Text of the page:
- Prices increased by 12.2%, over the year, in December. Inflation reached 12% last time in the 1990s.
- More than half of the price increase came from higher energy prices, mainly electricity.
- The rise in consumer prices is expected to accelerate this year.
In December, prices rose by 12.2% year-on-year and 3.1% month-on-month. More than half of the 12% increase came from higher energy prices, mainly electricity.
Electricity and gas prices rose by more than 2 times. Energy prices in Europe will remain elevated at least until the end of the heating season. Gas futures show that gas prices will remain at the current extremely high levels throughout this year. Gas reserves in Europe are at very low levels. The prices of motor fuels at Estonian gas stations increased by more than a quarter in the last month of the previous year. Oil prices will remain high in the coming months as OPEC+ has not been able to increase its oil exports as much as agreed. The unrest in Kazakhstan is further straining the oil market.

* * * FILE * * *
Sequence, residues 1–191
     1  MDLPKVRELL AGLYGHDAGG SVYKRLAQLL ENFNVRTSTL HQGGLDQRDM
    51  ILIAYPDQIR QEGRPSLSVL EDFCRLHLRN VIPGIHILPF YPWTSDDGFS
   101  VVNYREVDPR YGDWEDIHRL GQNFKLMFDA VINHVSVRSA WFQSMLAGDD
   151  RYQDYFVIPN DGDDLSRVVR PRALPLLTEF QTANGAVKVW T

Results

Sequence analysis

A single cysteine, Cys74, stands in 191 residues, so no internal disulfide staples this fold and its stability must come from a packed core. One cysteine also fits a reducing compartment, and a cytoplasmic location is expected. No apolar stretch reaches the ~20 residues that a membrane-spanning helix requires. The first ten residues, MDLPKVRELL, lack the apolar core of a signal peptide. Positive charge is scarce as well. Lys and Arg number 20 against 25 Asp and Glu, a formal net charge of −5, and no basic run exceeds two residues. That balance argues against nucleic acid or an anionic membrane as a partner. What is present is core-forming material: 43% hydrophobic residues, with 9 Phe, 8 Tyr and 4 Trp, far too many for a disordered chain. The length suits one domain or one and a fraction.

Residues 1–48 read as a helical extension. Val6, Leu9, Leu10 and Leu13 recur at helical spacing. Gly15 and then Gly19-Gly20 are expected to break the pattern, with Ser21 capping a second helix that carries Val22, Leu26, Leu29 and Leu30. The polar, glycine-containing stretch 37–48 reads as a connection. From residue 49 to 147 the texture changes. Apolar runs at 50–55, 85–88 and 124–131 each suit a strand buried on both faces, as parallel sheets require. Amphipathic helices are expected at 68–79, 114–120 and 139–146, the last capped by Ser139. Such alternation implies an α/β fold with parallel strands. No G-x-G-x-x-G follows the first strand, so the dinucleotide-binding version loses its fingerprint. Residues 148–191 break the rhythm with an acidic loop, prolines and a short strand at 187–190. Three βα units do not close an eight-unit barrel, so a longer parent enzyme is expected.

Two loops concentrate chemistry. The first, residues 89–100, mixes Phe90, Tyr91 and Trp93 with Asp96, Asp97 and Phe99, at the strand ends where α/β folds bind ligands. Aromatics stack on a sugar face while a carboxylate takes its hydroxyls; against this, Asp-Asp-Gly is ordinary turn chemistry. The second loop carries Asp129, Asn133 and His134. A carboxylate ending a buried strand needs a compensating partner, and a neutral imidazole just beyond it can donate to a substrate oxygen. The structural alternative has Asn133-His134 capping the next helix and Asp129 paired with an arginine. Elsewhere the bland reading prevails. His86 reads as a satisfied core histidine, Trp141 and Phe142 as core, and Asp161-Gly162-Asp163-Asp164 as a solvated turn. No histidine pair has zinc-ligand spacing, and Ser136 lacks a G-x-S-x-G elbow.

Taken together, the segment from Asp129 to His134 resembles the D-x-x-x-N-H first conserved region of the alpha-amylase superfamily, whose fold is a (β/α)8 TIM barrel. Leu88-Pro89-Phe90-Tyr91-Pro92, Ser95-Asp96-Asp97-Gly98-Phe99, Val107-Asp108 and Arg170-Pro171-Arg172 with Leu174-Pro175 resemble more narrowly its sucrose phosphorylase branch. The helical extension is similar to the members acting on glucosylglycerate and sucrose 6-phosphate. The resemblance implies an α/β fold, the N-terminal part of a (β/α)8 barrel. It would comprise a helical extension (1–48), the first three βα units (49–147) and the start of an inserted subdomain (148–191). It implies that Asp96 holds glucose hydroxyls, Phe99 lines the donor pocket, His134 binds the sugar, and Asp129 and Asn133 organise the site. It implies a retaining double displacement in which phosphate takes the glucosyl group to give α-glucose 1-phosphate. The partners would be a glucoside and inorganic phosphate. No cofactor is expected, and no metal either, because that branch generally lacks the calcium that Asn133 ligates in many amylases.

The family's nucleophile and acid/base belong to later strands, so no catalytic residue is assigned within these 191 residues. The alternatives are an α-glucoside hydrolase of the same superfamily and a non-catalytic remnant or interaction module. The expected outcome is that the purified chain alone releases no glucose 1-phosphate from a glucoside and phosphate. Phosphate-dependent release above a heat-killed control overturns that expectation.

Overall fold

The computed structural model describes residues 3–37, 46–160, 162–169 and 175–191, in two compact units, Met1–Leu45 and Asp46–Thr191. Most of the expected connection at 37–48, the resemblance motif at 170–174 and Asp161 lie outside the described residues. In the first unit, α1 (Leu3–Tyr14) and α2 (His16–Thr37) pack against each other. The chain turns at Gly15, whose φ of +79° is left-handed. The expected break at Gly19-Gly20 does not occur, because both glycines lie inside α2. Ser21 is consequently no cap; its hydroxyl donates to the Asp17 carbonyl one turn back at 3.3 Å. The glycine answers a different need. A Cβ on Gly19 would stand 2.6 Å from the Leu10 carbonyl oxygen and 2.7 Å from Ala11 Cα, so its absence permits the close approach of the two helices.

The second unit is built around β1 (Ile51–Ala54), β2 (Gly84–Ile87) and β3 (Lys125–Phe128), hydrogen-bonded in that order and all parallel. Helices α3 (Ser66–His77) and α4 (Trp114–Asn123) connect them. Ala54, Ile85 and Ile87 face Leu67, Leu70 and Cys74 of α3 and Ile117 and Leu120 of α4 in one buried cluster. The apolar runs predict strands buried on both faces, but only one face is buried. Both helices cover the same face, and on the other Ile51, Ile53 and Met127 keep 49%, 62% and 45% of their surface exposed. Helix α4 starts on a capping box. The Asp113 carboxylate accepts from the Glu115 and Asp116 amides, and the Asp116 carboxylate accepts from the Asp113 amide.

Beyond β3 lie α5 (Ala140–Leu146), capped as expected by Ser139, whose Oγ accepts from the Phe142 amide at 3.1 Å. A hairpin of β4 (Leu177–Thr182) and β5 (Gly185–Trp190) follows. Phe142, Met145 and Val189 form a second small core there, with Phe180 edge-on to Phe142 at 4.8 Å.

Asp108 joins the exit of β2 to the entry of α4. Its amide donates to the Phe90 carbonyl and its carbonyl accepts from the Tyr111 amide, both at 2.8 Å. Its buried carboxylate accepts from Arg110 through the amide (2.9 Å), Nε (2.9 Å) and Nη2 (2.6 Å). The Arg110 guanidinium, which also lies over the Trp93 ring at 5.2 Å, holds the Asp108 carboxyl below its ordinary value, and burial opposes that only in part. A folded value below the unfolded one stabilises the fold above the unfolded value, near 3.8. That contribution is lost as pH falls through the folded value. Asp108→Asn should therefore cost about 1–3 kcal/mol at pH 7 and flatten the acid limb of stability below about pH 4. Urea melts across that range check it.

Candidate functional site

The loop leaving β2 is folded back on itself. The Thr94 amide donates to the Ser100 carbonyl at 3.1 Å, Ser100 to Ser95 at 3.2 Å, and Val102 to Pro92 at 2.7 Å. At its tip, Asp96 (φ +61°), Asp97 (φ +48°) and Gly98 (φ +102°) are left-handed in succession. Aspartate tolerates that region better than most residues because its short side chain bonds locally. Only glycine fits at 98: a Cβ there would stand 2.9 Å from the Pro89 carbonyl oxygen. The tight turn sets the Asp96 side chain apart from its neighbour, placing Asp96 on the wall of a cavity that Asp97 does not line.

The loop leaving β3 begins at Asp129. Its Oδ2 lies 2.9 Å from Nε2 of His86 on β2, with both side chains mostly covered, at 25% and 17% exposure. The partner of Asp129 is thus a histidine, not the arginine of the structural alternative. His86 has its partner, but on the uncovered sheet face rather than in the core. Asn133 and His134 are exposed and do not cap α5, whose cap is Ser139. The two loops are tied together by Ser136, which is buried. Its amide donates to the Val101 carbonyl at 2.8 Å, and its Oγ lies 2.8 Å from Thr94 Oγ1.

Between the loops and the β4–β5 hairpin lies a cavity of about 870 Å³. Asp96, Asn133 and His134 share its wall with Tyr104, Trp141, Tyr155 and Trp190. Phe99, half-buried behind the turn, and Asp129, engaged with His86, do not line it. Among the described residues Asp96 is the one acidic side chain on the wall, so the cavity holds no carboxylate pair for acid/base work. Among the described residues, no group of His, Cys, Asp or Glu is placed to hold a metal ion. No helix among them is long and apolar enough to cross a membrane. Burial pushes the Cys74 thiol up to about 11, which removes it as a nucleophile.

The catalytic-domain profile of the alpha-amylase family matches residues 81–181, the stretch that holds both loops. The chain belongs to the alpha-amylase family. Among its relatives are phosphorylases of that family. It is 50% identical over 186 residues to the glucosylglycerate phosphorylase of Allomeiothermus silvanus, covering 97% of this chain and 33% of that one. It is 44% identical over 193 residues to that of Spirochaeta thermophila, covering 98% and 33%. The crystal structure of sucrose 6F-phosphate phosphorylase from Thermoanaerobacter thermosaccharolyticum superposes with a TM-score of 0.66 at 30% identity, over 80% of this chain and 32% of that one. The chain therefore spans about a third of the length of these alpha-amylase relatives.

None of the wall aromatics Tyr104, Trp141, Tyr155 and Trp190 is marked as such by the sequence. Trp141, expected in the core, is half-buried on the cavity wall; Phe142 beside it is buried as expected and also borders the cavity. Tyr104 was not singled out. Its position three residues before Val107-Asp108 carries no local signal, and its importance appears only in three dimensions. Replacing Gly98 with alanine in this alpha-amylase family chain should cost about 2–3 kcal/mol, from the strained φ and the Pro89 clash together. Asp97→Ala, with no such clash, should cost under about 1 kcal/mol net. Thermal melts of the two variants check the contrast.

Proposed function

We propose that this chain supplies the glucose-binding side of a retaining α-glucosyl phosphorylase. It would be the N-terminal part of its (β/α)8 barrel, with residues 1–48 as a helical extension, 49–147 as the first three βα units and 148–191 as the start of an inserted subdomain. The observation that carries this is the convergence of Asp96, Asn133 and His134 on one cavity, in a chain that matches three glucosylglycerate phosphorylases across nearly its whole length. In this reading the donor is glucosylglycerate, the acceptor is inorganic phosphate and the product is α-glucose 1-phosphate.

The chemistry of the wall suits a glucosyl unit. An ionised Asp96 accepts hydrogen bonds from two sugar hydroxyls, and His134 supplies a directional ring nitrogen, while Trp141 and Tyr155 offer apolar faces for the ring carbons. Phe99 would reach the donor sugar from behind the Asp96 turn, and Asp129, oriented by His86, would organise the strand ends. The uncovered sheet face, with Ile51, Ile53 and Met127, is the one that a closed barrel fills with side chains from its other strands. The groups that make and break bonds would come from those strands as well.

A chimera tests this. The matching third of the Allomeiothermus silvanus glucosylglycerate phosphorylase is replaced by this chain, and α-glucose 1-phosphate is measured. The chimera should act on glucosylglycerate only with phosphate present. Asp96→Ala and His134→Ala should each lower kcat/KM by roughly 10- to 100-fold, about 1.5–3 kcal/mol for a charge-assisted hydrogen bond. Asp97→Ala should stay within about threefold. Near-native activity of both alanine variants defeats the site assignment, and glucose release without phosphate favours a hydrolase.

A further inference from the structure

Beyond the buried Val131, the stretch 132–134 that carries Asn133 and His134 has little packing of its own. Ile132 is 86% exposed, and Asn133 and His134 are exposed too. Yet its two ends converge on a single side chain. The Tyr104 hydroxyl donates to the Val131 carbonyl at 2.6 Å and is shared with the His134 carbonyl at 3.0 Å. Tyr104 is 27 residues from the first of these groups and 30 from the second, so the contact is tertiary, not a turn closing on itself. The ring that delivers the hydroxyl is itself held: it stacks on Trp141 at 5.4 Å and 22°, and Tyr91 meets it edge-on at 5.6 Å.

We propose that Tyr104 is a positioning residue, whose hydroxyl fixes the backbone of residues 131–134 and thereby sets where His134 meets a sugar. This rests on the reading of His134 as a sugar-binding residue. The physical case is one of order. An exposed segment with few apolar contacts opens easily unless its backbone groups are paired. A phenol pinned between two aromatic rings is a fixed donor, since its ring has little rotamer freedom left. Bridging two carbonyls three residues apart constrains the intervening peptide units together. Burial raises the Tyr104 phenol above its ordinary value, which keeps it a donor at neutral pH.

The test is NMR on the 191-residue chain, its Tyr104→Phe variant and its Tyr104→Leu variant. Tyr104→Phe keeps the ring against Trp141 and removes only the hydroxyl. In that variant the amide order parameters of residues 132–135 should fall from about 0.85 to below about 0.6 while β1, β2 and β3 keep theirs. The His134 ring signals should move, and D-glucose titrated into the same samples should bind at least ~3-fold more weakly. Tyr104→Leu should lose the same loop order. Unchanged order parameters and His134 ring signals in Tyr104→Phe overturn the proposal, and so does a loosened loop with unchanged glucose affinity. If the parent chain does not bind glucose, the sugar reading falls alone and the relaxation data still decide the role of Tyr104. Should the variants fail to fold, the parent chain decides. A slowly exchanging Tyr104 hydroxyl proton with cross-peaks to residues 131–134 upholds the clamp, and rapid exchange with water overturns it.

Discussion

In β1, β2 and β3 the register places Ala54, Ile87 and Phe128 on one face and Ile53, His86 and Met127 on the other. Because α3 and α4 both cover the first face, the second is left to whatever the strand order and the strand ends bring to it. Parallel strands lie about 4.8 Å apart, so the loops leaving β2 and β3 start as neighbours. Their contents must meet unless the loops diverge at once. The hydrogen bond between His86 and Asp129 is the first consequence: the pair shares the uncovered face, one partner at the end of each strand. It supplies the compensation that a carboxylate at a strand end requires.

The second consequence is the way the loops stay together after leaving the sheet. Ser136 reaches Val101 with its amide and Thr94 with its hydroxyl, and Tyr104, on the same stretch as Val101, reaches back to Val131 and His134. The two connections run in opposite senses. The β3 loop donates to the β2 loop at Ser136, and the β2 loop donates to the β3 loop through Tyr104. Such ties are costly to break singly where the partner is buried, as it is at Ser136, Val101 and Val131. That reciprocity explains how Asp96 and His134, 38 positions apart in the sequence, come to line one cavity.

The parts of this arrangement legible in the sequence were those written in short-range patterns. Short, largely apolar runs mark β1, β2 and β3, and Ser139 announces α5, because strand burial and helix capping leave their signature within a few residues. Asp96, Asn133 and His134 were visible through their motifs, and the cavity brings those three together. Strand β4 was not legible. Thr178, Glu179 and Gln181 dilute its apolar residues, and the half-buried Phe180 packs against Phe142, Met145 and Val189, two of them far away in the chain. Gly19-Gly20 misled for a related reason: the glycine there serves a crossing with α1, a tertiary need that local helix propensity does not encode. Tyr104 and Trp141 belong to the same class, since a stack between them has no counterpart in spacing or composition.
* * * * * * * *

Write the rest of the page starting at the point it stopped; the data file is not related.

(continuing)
More expensive energy will gradually lift the prices of different goods and services. Although the share of energy in production costs is generally small, strong demand and supply shortages allow prices to rise more than higher energy costs would otherwise require.
Food prices rose by 6.1% year-on-year in December. The rise in food prices may accelerate further in the coming months as input prices have risen sharply in the food industry.
Prices will grow more than incomes in the coming
The rapid rise in prices is reducing people’s real purchasing power. The net wage of Swedbank’s customers has increased by 5-6 percent year-on-year in recent months. Families’ assessment of their financial situation has deteriorated. At the same time, consumption continued to grow strongly in November-December.
Last year, prices rose by 4.7% and net wages by an average of 6 percent. This year, Swedbank forecasts a 5-6 percent increase in both prices and net wages. In addition to expensive energy, inflation is affected by rising food prices.